The perfect match for us was luck, but using your expertise to narrow down tens of thousands of choices to a dozen good ones as this broker did for us is great service. Would that there were more real "honest brokers" out there!

Carl C said...

Is this "honest broker" all just a straw-man invention of RP Jr's to make a name for himself (as distinguished from his dad)?

It seems to just be a way to empower the idiots - I mean, in no political or social endeavor is there really an "honest broker" - and at least with politics we all know the corporations & lobbyists run everything. And this is the realm of the s(k)eptics; hence isn't it a bit silly to start screeching about "honest brokers" amidst this scum of the earth? ;-)


Anonymous said...

The idea of a completely "objective adviser" (the role RP's Honest broker" seems to be taking on) is simply a myth. Such a beast does not exist (not in the human world, ate least).

Some advisers are better than others -- eg, those who actually know something about the issue they are advising on -- but none is really "objective".

A pet peeve of RP, jr's seems to be "scientists using their credibility in the science realm to influence policy".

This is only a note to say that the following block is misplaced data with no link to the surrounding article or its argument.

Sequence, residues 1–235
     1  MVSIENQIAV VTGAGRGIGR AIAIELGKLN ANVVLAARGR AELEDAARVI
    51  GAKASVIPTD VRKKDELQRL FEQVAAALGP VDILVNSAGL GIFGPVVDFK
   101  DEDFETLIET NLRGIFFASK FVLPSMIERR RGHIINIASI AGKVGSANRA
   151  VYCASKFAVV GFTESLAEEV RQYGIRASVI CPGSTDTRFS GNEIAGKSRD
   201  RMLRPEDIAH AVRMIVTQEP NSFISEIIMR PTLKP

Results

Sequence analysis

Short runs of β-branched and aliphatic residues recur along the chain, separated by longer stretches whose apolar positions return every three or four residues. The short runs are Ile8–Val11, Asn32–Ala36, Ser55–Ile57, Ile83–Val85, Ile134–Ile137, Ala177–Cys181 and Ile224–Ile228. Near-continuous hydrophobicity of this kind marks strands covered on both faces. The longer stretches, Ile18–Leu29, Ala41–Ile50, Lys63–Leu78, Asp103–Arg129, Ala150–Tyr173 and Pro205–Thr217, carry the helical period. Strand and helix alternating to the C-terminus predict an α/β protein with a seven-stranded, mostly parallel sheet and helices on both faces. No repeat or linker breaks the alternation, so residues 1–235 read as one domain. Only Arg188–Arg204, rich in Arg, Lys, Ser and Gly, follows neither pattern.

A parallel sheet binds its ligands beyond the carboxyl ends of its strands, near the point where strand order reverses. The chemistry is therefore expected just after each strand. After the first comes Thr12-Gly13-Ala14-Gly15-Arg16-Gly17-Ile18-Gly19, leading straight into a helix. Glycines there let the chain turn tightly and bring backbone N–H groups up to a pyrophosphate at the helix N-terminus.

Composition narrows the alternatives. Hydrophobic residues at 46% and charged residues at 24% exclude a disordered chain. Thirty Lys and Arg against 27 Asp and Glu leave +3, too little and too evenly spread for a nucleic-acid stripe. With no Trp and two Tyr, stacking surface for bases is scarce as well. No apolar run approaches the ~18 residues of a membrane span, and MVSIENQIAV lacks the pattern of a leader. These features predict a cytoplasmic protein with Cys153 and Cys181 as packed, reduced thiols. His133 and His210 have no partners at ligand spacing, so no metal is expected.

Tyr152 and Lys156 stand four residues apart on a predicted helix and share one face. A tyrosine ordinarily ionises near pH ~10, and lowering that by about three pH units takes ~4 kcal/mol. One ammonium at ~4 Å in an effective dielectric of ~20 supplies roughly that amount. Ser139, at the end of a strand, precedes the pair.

So what?

if they know more about the science -- and the possible repercussions of action and/or inaction -- why shouldn't they speak up?

The idea that scientists should not be using their scientific knowledge and credibility to influence public policy is simply absurd.

If we were to accept this idea at face value, it would basically put us back in the dark ages when anyone with a scatterbrained idea got a hearing; eg, about how to cure schizophrenia by drilling a hole in the head and letting the evil spirits out.

Carl C said...

Exactly - RPJr's whole thesis is one of intellectual as well as moral cowardice. As if the scientists should just stay in their labs, wait another 50 years, or run another 1000 simulations just to be sure, before confronting the likes of Senator Inhofe, Rush Limbaugh, the American Enterprise Institute, et al.

Anonymous said...

It is occasionally said in finance* that if you make a claim to be 'honest' then you aren't.

* Meaning that I was once eviscerated in these terms by a senior trader when I used the term 'honest broker'